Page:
Young would pay a third more for ‘green holiday’
Sustainability is key for young holidaymakers (pic: National Pride UK)
Young consumers would be prepared to pay between 30% and 40% more for a holiday experience that meets high standards of hygiene and sustainability, according to new research.
Data released by Barclays shows significant changes in priorities among holidaymakers and also reveals that UK hospitality and leisure businesses are poised for a £9 billion boost if Brits choose to take their vacation at home again in 2022.
The data from Barclays Corporate Banking reveals that the hospitality and leisure industry is thriving again and could contribute £250m more to Scotland’s economy this year, and £3.5bn across the UK, than in 2019.
The vast majority of hospitality and leisure businesses (93%) in Scotland are confident about their growth prospects for this year following a post-lockdown surge in trade.
Based on projected sales figures for the period from April to December 2021, when the hospitality sector has largely been open again, this equates to £3.5bn more in national Gross Value Added (GVA) than in the equivalent period in 2019.
The research reveals new patterns in the way people are accessing hospitality and leisure services and changing consumer habits.
Staycation tourism could be here to stay with more than half (52%) of consumers in Scotland prioritising UK holidays over those abroad. The most popular destinations are the Lake District, the South West of England and the Scottish Highlands.
Barclays Corporate Banking estimates that, if a preference for UK holidays continues at the same rate in 2022, it will add up to £9.2bn to the UK’s domestic tourism market.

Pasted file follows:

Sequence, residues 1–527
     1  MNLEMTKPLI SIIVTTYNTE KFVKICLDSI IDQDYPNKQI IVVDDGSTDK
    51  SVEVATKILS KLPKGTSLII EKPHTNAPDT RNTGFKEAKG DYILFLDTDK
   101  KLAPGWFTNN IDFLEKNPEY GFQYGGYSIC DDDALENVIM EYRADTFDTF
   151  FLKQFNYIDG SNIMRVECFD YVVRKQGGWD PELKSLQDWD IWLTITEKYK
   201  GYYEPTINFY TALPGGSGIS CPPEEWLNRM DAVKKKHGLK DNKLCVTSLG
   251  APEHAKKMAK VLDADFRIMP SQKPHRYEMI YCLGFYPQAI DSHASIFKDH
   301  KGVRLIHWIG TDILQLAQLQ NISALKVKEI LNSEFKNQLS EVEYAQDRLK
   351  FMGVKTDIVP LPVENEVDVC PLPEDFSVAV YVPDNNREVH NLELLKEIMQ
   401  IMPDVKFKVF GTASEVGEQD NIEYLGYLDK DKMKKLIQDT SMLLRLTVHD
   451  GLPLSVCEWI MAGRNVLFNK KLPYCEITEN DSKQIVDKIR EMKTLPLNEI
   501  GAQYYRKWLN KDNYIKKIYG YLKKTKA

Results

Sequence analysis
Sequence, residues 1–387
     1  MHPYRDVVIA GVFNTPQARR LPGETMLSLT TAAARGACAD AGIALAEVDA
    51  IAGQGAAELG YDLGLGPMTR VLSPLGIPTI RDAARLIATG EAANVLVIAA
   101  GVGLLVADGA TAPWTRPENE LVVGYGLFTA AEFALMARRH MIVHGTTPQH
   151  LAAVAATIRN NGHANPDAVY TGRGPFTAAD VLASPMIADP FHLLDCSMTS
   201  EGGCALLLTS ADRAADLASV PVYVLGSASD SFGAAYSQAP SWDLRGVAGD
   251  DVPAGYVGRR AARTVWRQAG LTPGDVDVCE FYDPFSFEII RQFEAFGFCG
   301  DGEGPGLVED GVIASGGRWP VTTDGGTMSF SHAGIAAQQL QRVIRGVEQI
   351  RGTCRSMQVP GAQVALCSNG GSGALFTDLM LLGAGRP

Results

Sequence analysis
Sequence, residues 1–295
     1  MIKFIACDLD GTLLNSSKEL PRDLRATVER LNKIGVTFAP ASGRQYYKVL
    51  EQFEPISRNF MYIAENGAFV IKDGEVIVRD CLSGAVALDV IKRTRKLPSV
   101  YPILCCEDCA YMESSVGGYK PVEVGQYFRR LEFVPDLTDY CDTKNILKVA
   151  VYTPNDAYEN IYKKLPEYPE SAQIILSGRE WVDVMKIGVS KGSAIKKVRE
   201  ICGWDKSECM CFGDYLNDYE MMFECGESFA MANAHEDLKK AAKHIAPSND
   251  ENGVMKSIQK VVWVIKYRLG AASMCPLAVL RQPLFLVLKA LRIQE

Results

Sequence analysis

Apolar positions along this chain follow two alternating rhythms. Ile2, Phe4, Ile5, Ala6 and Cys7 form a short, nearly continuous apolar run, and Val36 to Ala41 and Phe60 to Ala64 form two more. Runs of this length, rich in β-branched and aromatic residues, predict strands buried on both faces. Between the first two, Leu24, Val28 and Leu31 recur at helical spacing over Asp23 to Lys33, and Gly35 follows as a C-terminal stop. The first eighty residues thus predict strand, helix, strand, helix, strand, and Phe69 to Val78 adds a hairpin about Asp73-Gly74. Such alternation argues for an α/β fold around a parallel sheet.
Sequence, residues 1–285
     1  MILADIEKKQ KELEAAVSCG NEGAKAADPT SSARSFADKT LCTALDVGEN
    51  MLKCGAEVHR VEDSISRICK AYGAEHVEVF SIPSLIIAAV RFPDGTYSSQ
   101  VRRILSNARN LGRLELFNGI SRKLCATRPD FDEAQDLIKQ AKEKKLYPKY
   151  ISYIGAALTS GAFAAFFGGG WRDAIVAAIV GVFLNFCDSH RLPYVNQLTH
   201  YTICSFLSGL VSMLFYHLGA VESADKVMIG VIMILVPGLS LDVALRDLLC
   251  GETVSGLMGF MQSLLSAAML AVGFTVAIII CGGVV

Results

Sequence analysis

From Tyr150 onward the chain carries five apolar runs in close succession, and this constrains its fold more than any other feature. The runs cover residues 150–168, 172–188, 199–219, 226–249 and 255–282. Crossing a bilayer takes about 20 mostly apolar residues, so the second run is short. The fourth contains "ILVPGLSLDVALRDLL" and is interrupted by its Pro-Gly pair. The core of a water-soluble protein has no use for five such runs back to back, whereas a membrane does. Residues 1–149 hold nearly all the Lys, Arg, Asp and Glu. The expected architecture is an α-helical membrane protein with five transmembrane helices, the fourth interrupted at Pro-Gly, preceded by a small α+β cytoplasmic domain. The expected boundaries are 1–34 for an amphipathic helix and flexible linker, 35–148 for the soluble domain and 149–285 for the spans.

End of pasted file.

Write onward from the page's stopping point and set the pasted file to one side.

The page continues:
The report shows that significant numbers of consumers are prioritising hospitality and leisure products that offer health and wellbeing benefits, strong sustainability credentials, or which come with particularly strong safety and hygiene standards.
On average, consumers in Scotland are prepared to pay 17.4% extra for healthier food and drink options, and 15.8% for holiday accommodation that includes health and wellbeing services such as a gym or spa and 80% of hospitality and leisure operators in the area are now prioritising ‘healthy’ products among their portfolios.
Across the UK, those aged 16 to 24 would be prepared to pay a premium of 35%, on average, for food and drink products with strong sustainability credentials. The average premium for 25-to-35-year-olds is 30%.
A sustainable holiday experience is worth 39% more to the youngest group, and 32% for 25s-to-35s.
Mike Saul, head of hospitality and leisure at Barclays Corporate Banking, commented: “After a very difficult period for the hospitality sector, it is great to see how well the sector has bounced back. Our findings show an industry brimming with confidence and buoyed by surging revenues.
“However, it is also an industry that is undergoing a substantial amount of change – from the customers it serves to the products it sells.
“We have uncovered strong evidence that, particularly for younger customers, operators will need to place increased focus on healthy, sustainable and safe product ranges and to maintain investment in data and technology.
“Whilst the industry is navigating some short-term challenges around supply chains and labour shortages, operators that prioritise these areas will be an incredibly strong position for the long-term.”